The End of the World: The Science and Ethics of Human Extinction

By John Leslie | Go to book overview

4

WHY PROLONG HUMAN HISTORY?

This chapter attacks various philosophical doctrines, remarkably popular nowadays, which cast doubt on any real ethical need to keep the human race in existence. (1) Many philosophers think it quaintly out of date to believe that ethical needs, ethical requirements, are ‘elements of reality’ like geographical or mathematical facts. They interpret all talk of such needs as mere expressions of emotion; or they say that calling acts of certain types ‘ethically needful’ is just prescribing that everyone is to perform such acts; and so on. (2) Other philosophers have doubted whether the human race should be encouraged to survive if even a small proportion of lives were unhappy. (3) Again, there are those who suggest that duties are always towards people who now exist, or whose existence is more or less inevitable. There can therefore be little call to bring happy people into being unless already existing folk happen to want it.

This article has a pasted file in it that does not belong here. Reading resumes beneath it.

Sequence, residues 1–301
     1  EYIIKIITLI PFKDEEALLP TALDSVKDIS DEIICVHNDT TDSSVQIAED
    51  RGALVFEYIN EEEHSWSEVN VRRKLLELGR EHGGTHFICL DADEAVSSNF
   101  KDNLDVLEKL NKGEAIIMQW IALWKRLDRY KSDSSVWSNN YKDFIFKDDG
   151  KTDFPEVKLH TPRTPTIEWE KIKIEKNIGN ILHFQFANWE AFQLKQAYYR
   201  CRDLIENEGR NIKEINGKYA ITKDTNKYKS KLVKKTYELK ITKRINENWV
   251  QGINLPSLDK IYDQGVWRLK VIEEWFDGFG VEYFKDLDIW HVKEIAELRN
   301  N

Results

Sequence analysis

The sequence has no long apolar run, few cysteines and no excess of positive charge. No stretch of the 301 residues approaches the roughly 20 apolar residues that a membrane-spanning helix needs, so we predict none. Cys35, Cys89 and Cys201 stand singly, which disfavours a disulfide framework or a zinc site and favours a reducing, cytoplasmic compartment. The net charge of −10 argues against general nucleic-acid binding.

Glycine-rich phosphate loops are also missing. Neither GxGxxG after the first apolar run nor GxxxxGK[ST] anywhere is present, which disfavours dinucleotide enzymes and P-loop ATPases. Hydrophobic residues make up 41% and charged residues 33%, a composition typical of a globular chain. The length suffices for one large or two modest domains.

REAL NEEDS

The possible dangers of denying that good and bad are real

In view of all the threats confronting the human race, very vigorous efforts could well be needed if it is to survive long. Can we tell people that they truly ought to make these efforts? That this is quite as much a matter of what really is so as the fact that three fives make fifteen?

-155-

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The End of the World: The Science and Ethics of Human Extinction
Table of contents

Table of contents

  • Title Page v
  • Contents vii
  • Acknowledgments viii
  • Preface to the Paperback Edition x
  • Introduction 1
  • 1 - War, Pollution, Disease 25
  • 2 - Other Dangers 81
  • 3 - Judging the Risks 133
  • 4 - Why Prolong Human History? 155
  • 5 - The Doomsday Argument 187
  • 6 - Testing the Argument 237
  • 7 - Prisoner’s Dilemma and Nuclear Revenge 267
  • Notes 276
  • Bibliography 289
  • Index 306
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